And Common Koel male taking break from noisy advertising for females. But he'll probably get lucky. Just not so lucky as this watcher.





Saturday, October 8, 2016

Many questions about behaviour

Today we shall talk of bladders and behaviour. Fear not, you're safe from revelations about an old man's prostate. Bladder cicadas, which confine their calls to dusk and soon after dark, lead off.

Took almost an hour of searching for anything insecty to turn up the above pair this week. Usually only see these cicadas when they've fallen victim to larger birds.

Much messing about in annoying breeze produced few shots in focus. Yesterday, walked from patch of bush, felt something crawling up leg. Yep. Bladder cicada. None for months. Then three. Just like the buses: none, then three come (maths whizzes can explain the buses).

Next to young Rufous-throated Honeyeater (age shown in white edge to gape: back of beak). This bird picked away at growth on branch. Just the stuff for a nest, right? Yes, but ... but bird's too young for the job. Seemed to realise this and moments later let material fall. Copying elders? I don't know.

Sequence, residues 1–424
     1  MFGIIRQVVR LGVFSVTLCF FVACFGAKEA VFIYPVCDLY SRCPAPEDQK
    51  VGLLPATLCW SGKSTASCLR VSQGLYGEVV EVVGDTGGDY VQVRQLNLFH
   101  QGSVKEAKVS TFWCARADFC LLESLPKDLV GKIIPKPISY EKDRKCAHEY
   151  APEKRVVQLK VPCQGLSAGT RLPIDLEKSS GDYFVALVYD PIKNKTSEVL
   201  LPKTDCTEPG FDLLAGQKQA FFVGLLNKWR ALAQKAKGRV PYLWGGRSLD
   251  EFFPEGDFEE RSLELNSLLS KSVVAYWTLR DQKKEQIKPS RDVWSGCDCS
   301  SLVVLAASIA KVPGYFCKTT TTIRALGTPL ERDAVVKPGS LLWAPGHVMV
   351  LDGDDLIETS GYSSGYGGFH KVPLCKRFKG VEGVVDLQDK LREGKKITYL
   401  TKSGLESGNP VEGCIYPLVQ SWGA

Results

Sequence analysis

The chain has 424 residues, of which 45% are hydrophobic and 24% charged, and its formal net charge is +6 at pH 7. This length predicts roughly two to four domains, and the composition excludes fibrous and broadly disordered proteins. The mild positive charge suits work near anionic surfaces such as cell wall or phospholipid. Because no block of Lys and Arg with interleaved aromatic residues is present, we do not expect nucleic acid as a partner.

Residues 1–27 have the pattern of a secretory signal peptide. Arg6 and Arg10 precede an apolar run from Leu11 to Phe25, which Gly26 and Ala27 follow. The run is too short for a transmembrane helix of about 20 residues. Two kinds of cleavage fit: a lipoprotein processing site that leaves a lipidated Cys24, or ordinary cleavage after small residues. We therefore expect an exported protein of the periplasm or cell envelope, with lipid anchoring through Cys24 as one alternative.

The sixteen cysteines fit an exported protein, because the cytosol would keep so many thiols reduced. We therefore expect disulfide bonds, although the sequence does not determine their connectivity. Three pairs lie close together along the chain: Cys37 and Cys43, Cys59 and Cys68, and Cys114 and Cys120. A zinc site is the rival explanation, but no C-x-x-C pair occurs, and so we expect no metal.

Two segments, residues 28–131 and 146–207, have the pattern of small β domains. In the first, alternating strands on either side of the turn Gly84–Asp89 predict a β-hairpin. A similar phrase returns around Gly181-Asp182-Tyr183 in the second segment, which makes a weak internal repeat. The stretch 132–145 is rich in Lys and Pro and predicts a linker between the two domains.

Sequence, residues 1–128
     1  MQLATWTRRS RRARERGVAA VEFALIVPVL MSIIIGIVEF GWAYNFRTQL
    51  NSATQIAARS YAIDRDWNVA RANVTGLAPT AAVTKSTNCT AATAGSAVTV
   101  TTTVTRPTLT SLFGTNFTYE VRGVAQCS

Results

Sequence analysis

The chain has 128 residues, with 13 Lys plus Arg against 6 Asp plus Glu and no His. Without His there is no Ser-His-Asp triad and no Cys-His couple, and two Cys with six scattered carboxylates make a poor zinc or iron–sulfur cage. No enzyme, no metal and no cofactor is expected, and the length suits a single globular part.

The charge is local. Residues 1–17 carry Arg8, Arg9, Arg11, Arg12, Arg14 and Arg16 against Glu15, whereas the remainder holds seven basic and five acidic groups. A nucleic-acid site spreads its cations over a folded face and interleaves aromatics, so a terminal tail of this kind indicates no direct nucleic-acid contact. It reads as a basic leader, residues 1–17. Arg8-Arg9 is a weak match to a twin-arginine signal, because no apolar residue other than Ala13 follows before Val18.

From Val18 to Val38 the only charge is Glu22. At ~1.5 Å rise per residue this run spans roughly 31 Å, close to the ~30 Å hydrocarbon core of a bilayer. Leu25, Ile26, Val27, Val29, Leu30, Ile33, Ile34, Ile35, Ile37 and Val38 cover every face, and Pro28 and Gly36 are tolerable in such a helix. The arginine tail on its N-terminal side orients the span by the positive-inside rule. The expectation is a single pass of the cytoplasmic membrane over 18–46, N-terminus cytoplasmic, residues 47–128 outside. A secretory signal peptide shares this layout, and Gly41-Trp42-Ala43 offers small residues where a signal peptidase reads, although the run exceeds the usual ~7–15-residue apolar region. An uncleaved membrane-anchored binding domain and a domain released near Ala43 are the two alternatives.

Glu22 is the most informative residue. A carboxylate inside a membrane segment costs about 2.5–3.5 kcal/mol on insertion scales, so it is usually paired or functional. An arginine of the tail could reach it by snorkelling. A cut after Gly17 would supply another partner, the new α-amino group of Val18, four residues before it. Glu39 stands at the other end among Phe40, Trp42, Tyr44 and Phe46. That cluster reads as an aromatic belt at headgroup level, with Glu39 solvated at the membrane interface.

Now Crimson Finch male. They're building nests all over Tyto. They build, female inspects. Often he's wasted his time. She flies off, dissatisfied. But the males persist and will continue building even after rejection, or when site limitations make the job impossible. (Depth of the oval nest with entry from one end appears to be critical).

On to Cotton Pigmy-goose. Pair today swam onto leaves of pink lotus and used their support to assist with preeening. Years of watching the birds and suddenly a simple action I've never before seen.

 And behaviour that's always puzzled me: why Scrub Pythons are so passive. This 2.5metre beauty beside a Tyto track is in prime health and not so laden with recent meal as to be immobile. But with hidey hole close by and crushing strength Scrub Pythons often just sit out any encounter.

This one didn't even flick a tongue out till the lens was 30cm away. It beats me. Buty I love them all.








Wednesday, October 5, 2016

Dragons watch over jewels


All know that a major task for dragons is guarding treasure (and trying to scorch fair maids). No sign of latter lately but below be jewels.